April's off-payroll rules: what a second agency boss thinks
Despite my best efforts in August, we now know that legislation to torpedo the public sector’s limited company contractors is going full steam ahead, so put away your petition and batten down the hatches, writes the REC’s Technology Executive Committee vice-chair, Les Berridge, of contractor jobs specialist Networkers.
Before I map out what the public sector might look like in these unchartered waters, a recap. The taxman has unfortunately ignored most of the responses during the consultation period, except the point that it would be difficult for the liable party (usually the agency) to call an assignment inside or outside IR35 without first-hand knowledge of the organisation, role and working practices.
‘Most PSCs to be called inside IR35’
He has responded to this by saying that the end-client will be responsible for determining the IR35 status, even though the fee-payer is still liable for unpaid tax and National Insurance (NI) if the job is deemed to be outside IR35, but is later deemed to be inside.
The likely consequence of this is that public sector organisations are likely to call most -- or all – PSCs’ roles inside IR35. This fits neatly with the purpose of the legislation. HMRC is convinced that most PSC contractors are paying insufficient tax and it wants to reverse the perception that 90% of PSCs are wrongly outside IR35, to one where 90% are inside and all that entails.
So what will we see after April 6th? HMRC will (hopefully) monitor the gains of extra tax and NI against the disruption to project work in the public sector, caused by losing key people and skills. The tax authority will (hopefully) make this consideration before deciding about any potential extension of the legislation to the private sector.
Contractors’ three options
If history is anything to go by, two things will happen: the Revenue will be happy with the extra tax and secondly, many public sector organisations will just extend the deadlines for delivery on their projects.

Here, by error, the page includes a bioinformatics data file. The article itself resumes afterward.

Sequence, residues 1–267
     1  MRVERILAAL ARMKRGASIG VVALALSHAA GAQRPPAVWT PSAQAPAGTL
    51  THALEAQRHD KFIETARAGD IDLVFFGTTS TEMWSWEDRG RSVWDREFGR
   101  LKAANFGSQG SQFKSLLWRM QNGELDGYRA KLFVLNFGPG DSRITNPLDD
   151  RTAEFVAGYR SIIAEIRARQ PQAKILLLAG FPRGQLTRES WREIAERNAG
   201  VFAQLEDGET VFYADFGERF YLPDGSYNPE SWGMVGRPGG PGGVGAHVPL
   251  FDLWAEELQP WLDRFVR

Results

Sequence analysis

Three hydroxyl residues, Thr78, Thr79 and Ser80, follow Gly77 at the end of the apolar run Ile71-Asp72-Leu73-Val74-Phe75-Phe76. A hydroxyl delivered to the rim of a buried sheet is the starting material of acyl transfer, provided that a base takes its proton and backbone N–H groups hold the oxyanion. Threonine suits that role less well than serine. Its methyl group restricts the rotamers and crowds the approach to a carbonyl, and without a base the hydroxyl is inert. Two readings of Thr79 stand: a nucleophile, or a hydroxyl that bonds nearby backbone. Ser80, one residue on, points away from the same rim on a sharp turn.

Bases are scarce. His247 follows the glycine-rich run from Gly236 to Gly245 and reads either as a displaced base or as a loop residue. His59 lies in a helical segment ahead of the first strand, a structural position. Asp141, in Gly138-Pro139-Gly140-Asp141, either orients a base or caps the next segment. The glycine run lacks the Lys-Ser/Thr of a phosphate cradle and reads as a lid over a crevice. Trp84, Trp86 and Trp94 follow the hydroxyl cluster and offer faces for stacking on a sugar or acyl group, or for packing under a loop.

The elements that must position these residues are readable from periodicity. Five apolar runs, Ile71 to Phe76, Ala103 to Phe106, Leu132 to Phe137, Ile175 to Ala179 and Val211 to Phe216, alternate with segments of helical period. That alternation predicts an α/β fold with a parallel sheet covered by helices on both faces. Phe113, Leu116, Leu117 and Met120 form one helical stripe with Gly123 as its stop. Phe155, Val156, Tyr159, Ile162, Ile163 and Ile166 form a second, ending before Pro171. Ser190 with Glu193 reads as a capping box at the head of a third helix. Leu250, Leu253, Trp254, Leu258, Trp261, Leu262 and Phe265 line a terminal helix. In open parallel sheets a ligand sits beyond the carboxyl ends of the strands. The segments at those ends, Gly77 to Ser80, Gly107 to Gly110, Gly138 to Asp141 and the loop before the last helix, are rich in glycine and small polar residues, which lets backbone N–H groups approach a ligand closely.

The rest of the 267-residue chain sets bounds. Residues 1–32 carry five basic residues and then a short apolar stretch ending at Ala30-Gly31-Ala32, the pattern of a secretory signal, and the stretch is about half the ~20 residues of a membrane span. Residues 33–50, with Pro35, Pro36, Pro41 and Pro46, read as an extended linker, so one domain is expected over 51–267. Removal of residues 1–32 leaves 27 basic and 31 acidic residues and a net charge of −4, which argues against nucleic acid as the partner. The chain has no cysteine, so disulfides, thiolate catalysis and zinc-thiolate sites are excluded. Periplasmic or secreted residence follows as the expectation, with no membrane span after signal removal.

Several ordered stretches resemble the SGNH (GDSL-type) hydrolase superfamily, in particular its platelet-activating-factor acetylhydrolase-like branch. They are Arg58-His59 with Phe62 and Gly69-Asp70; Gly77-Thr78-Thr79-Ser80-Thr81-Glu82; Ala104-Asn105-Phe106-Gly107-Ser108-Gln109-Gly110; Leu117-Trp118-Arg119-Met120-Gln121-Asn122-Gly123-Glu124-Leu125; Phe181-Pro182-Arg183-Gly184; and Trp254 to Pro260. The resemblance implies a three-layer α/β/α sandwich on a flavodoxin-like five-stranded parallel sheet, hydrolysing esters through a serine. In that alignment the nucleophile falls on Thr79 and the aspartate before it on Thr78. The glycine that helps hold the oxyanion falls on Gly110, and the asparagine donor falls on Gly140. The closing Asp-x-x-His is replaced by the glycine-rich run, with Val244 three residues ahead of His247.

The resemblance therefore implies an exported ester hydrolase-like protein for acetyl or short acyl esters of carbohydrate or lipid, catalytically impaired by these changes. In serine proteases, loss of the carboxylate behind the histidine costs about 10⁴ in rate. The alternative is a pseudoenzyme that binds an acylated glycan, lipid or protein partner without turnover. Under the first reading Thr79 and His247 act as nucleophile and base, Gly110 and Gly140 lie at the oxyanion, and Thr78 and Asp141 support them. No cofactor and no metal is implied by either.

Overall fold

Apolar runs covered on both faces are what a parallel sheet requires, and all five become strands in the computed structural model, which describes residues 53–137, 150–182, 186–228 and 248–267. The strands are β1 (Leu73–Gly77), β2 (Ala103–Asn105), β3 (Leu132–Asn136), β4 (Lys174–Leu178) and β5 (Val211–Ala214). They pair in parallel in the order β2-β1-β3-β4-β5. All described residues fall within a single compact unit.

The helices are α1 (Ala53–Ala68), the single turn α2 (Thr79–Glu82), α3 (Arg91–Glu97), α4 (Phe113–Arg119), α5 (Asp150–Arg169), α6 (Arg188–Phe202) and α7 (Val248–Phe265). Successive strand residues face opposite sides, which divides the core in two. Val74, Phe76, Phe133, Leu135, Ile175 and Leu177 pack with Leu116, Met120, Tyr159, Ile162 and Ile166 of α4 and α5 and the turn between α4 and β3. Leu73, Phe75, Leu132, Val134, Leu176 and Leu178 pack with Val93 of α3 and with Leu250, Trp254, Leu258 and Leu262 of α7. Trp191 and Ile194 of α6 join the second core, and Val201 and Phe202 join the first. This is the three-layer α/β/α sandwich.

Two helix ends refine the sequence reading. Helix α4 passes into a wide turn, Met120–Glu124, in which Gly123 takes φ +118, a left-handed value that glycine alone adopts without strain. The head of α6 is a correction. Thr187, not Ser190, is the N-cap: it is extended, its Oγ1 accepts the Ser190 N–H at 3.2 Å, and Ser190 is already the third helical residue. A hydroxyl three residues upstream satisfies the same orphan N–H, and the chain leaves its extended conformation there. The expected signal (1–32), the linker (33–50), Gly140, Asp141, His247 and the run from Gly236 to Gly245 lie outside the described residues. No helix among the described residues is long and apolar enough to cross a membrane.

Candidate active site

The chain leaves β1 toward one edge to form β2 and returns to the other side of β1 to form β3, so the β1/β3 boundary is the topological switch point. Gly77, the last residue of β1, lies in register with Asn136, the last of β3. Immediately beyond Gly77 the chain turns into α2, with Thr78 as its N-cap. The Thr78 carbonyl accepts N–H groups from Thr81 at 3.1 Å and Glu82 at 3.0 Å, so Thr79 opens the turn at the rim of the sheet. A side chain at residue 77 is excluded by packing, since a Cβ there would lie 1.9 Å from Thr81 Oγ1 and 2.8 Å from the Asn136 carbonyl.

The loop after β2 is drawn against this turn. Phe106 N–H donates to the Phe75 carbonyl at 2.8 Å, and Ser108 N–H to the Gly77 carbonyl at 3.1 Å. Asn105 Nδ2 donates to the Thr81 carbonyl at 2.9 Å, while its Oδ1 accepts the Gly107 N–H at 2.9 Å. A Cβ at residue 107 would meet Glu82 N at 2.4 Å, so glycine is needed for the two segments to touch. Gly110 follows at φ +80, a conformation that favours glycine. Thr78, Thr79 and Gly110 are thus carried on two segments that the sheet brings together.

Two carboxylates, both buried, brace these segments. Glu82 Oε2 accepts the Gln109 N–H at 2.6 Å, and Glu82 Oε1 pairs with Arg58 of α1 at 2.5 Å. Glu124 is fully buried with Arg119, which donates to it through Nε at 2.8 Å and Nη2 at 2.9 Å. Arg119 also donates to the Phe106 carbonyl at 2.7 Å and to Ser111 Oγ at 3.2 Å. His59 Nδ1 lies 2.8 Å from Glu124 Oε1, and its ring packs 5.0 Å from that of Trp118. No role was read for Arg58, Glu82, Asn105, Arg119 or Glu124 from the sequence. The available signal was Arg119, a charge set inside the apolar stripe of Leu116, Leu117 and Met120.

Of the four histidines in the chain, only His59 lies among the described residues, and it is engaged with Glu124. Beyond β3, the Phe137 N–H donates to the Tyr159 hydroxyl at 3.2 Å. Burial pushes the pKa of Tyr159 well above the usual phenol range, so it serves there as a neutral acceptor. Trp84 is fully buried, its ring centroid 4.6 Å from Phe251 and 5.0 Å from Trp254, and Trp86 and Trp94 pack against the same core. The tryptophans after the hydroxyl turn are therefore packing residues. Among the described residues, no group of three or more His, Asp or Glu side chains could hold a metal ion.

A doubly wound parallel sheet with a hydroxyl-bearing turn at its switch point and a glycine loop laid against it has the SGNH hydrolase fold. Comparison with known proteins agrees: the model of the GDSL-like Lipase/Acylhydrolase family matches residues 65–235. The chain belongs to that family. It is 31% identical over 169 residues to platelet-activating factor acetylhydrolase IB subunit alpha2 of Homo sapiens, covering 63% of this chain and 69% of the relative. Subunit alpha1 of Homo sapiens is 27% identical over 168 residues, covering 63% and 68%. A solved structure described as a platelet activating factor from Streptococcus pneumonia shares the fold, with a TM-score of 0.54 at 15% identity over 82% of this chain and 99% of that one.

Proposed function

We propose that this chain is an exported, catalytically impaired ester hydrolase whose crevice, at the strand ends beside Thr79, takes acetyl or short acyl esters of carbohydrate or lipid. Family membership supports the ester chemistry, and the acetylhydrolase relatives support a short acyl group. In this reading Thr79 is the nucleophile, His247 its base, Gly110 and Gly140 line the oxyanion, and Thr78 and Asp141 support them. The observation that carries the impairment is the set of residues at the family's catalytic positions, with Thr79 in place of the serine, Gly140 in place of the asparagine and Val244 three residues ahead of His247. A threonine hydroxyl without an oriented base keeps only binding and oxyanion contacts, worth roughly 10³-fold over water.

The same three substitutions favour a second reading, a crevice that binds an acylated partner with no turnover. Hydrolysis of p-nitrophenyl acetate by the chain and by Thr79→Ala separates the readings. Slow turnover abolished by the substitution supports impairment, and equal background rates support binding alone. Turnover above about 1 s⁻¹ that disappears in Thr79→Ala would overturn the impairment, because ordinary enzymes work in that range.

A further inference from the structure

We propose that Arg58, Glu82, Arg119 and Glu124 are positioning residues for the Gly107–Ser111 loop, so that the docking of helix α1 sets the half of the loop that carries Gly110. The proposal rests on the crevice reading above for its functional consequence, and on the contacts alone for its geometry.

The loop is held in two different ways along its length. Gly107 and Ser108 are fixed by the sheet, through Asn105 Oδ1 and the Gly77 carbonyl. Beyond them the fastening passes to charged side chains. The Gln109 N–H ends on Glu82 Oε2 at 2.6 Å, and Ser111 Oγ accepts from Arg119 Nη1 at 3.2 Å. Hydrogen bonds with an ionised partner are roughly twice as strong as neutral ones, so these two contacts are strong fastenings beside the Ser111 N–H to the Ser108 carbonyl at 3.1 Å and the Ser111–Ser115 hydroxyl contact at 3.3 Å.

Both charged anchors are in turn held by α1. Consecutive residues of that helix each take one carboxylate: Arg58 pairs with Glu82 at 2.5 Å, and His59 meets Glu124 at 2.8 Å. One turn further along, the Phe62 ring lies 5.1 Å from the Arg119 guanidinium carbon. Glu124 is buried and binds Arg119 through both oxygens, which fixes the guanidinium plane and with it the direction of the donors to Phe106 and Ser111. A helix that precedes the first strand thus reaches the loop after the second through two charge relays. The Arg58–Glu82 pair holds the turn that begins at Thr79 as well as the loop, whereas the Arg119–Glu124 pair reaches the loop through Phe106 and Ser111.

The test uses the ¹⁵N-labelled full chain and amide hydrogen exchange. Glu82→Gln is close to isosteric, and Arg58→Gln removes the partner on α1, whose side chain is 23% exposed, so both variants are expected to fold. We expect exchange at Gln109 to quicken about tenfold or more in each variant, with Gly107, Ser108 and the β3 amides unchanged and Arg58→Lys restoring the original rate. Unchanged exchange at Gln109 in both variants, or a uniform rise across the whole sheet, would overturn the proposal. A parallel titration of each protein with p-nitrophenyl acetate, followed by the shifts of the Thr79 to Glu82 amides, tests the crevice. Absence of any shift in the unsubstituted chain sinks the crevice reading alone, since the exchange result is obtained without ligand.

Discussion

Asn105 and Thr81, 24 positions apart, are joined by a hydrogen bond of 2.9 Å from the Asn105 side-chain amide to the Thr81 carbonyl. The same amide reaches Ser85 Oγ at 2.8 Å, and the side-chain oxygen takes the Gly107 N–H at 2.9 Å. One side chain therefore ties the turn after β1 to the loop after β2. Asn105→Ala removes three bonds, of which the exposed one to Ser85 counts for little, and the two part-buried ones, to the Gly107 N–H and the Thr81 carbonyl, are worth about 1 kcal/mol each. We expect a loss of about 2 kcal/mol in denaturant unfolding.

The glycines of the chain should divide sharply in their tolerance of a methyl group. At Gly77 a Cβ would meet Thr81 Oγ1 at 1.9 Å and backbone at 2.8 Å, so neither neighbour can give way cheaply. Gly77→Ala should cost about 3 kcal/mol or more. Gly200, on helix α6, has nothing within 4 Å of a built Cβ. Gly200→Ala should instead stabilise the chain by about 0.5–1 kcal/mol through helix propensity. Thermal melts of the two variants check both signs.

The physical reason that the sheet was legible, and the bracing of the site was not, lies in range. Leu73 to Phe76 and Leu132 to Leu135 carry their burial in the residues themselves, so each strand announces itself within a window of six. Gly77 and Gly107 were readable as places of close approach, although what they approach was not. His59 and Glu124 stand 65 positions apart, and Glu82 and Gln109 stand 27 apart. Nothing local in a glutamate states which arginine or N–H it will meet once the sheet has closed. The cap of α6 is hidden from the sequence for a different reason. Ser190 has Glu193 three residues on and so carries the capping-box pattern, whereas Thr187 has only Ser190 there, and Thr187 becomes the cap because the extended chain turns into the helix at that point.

As to what contractors look primed to do, their comments to us (at this stage) suggest that if their role is sailing close to IR35, it will be one of three things.
- Close down their limited company down and switch to umbrella/PAYE; or
- Make their limited company dormant and ‘go’ PAYE (as above) just for public gigs; or
- Accept being inside IR35, and administer the deemed payment rules.
We’re recommending contractors consult in a detailed way with their accountant and/or status adviser before deciding which option to pursue. And there may be other options that a qualified adviser can enlighten you about.
What agencies will do
As for the likes of us, well agencies will need to offer a PAYE payroll option, not just enlist an umbrella company’s solution, or the contractors on their books today may go elsewhere tomorrow. Agencies will also from April 6th need to offer deemed payroll, either directly, or via an outsourced provider.
Contractors should see agencies working with clients too, to ensure end-users don’t just make a blanket call that all their PSCs are inside IR35.
How clients will respond (and should respond)
For public sector authorities and end-user bodies, we hope to see a genuine effort on their part to assess each off-payroll role on its merits. If the role is only semi-skilled and there’s direction involved, then an ‘inside’ decision is obviously more than likely. But if there’s no control (or at least a significant lack of it) and there’s the other status factors are pointing away from IR35, such as no mutuality of obligation, then we envisage sensible clients calling such assignments ‘outside.’ Remember at this stage dear end-users; the criteria to determine IR35 have not changed.
On that basis, we expect to see project-based assignments with measurable duration, i.e. with an end date using specialist skills, as being declared ‘outside,’ and therefore unaffected after April 6th. Certainly end-users are within their rights to make such a call on such placements. Those that do so with good reasons will be much more likely to retain their contractors. The same is true when it comes to advertising post-April 6th; call them ‘outside’ and highly-skilled people will be interested in applying. End-users can of course use HMRC’s software tool – the Employment Status Service –(scheduled for launch by the end of this month) to help inform their decision. But the tool is not mandatory, so we expect to see end-users quite legitimately exercising their own judgement instead.
As time goes on, and once April 6th has become a distant memory, there will no doubt be new case law and appeals to help shine a light on the many grey areas in the legislation, which we foresee all parties in the contractual chain coming together to mitigate the effects of.
Editor’s Note: The views expressed in this article are those of the author, Les Berridge, and they do not necessarily reflect the views of Networkers or the REC.
This is part two of a three-part ContractorUK series exploring how the agency sector views April’s off-payroll rules and their reform to IR35. Read part one here.